Ohio Nurse Collects Barely Worn Hospital Socks for the Homeless

iStock/AnthonyRosenberg
iStock/AnthonyRosenberg

When setting aside clothes to donate, most people ignore their old socks. But even if they're used, a free pair of socks can make a huge difference to someone who needs them—especially as the weather gets colder. According to The Columbus Dispatch, one local nurse has found a way to take advantage of one of the biggest resources of secondhand socks out there: hospitals.

Kathy Francis first became aware of just how many perfectly wearable pairs of socks are thrown out by hospitals each day after her own hospital stay for back surgery. If a patient doesn't want to take their hospital-provided socks home, the pair gets tossed straight in the trash—even if they were only worn for a few days. Once it was her own barely worn socks being thrown in the trash, Francis realized how wasteful the current system is.

When she began working at OhioHealth Dublin Methodist Hospital six months after her surgery, socks were still on her mind, so she asked her employer if she could salvage them. That was eight years ago, and she has helped donate an estimated 13,000 pairs of socks to people in need since then.

After used socks are deposited in one of the hospital's utility closets, Francis collects them (about 35 pairs a week), washes them at home with a little bleach, folds them, and stores them in brown paper bags. She then drops off the bags at the office of Tony Bonacci, a deacon at the local St. Joseph Catholic Church, and he delivers them to the soup kitchen where he volunteers.

Socks are often the most-requested clothing item at homeless shelters. Since hospital socks are designed to be thicker and warmer than regular socks and come with non-skid rubber grips, they're great candidates for donation.

Francis's sock recovery program is currently limited to the surgery and recovery unit where she works, but she'd like to see it expand to the rest of the hospital, as well as hospitals elsewhere.

[h/t The Columbus Dispatch]

An Alaska Dentist Is Being Prosecuted for Riding a Hoverboard During a Tooth Extraction

LightFieldStudios/iStock via Getty Images
LightFieldStudios/iStock via Getty Images

In July 2016, an Alaskan dentist named Seth Lookhart extracted his patient’s tooth while standing on a hoverboard. After the procedure, he pulled off his gloves, glided down the hall, and threw his hands in the air in a show of (very misguided) triumph. He then texted a video of the whole affair to his friends and family, joking in at least one conversation that it was a “new standard of care.”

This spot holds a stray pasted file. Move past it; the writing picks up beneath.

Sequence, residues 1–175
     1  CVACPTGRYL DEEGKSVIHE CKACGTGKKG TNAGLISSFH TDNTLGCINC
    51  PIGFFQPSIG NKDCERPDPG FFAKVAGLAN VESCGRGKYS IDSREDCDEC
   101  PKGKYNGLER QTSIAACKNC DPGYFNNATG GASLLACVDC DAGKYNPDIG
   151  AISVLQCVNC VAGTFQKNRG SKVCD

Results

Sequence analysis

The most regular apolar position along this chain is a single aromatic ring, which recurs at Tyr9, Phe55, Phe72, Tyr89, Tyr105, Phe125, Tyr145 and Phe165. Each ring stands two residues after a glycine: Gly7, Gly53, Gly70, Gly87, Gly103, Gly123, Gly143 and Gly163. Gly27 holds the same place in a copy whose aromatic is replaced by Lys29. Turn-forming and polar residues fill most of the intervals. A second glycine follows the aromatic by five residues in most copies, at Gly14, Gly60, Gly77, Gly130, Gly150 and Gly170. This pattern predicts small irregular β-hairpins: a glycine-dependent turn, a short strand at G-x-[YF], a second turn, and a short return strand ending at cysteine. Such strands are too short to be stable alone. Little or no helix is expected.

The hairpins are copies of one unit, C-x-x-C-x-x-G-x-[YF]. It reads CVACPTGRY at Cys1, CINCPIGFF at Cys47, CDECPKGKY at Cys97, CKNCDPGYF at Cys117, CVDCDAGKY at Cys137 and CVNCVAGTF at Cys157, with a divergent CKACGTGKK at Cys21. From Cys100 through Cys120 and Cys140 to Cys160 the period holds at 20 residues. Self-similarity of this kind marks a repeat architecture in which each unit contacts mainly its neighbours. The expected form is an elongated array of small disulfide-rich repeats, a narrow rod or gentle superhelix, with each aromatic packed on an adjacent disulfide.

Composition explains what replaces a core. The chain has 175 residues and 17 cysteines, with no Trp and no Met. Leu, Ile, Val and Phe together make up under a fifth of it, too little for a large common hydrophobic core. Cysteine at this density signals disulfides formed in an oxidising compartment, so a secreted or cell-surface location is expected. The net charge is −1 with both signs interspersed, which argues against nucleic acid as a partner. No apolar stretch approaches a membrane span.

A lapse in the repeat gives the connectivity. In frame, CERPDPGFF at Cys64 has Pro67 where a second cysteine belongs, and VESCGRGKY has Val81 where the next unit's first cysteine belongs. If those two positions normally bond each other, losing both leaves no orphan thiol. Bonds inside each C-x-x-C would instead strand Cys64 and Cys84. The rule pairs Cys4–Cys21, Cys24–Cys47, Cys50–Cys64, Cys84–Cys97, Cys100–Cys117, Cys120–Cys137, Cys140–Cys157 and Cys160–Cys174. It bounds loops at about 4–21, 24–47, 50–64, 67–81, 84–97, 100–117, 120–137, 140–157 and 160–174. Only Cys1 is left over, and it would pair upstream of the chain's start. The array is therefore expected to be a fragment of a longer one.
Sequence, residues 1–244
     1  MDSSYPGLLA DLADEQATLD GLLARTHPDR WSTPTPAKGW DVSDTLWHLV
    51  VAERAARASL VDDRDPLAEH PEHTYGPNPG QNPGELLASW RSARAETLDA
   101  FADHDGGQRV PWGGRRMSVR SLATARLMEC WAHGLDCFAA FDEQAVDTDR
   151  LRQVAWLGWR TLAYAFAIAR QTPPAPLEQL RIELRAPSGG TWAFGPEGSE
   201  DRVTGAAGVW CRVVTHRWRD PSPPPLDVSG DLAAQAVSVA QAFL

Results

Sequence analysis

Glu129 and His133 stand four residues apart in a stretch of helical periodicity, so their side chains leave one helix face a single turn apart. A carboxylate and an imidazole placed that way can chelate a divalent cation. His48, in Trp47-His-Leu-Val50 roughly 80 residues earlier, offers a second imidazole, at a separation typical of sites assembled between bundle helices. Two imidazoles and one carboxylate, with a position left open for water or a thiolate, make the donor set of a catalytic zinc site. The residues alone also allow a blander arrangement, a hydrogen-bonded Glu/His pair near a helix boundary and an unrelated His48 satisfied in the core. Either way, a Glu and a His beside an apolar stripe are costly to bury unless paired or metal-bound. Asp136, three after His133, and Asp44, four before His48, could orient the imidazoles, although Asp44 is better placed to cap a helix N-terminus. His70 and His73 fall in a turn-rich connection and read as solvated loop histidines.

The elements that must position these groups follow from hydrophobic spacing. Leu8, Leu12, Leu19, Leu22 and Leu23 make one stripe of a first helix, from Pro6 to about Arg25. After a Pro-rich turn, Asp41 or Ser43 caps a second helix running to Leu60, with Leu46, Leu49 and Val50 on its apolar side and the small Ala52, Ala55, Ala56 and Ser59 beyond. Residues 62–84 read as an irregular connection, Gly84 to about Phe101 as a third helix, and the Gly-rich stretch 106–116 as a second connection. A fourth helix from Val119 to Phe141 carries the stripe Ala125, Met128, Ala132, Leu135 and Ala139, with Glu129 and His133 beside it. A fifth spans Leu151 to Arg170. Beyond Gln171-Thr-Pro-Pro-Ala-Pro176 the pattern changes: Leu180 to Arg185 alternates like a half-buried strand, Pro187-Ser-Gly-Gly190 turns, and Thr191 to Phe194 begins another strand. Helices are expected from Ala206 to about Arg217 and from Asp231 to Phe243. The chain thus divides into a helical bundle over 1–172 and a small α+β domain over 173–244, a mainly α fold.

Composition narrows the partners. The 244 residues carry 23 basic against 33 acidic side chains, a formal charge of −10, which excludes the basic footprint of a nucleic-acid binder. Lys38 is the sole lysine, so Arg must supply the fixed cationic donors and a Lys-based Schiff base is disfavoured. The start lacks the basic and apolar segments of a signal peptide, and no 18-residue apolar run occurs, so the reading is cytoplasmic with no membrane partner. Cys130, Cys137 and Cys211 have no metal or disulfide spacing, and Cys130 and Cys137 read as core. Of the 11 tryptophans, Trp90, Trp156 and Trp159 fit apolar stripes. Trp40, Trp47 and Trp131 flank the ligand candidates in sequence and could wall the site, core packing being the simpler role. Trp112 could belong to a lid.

He’s getting prosecuted.

But it wasn’t the patient who took him to court—according to CNN, Veronica Wilhelm was sedated for the extraction, and she didn’t even know about the hoverboard incident until the state of Alaska asked her to confirm she was the patient in the video. Alaska charged [PDF] Lookhart with “unlawful dental acts,” claiming that riding a hoverboard during a procedure violates the minimum professional standards of dentistry.

Though Lookhart pleaded not guilty, his defense attorney, Paul Stockler, isn’t arguing that what his client did was fine. On the contrary, he asserted in court that Lookhart had made a “terrible lapse in judgment,” and even apologized to Wilhelm for it.

“It’s unacceptable and be assured that when I agreed to represent him, I got in his face and told him what I thought about him for doing this,” he said while cross-examining Wilhelm, according to KTUU.

Stockler maintains that however ill-advised Lookhart’s behavior may have been, it wasn’t criminal.

“Should he lose his dental license for a period of time, for forever? Is it a crime?” Stockler told CNN. “He’s not the first person to do something idiotic. I’ve seen things a lot worse and nobody’s ever had criminal charges filed against them. As the law is written, I don’t believe that’s a crime.”

It’s up to the court to decide if pulling a tooth on a hoverboard without getting permission from the patient does actually qualify as a crime. And according to KTUU, Wilhelm wouldn’t have given permission had she gotten the chance.

“I would’ve said ‘Hell no!’ No, that’s unprofessional. It’s crazy,” she said in court.

Even if Lookhart eludes conviction on this particular issue, he’s also facing more than 40 other charges. According to CNN, these include billing Medicaid for more than $25,000 in unnecessary or not properly justified procedures; engaging in a scheme to defraud Alaska Medicaid of $10,000; and diverting more than $25,000 in funds from Alaska Dental Arts.

Whatever the verdict, we should find out soon. The trial, which started on November 12, is expected to wrap up this week.

[h/t CNN]

12 Creative Ways to Spend Your FSA Money Before the Deadline

stockfour/iStock via Getty Images
stockfour/iStock via Getty Images

If you have a Flexible Spending Account (FSA), chances are, time is running out for you to use that cash. Depending on your employer’s rules, if you don’t spend your FSA money by the end of the grace period, you potentially lose some of it. Lost cash is never a good thing.

For those unfamiliar, an FSA is an employer-sponsored spending account. You deposit pre-tax dollars into the account, and you can spend that money on a number of health care expenses. It’s kind of like a Health Savings Account (HSA), but with a few big differences—namely, your HSA funds roll over from year to year, so there’s no deadline to spend it all. With an FSA, though, most of your funds expire at the end of the year. Bummer.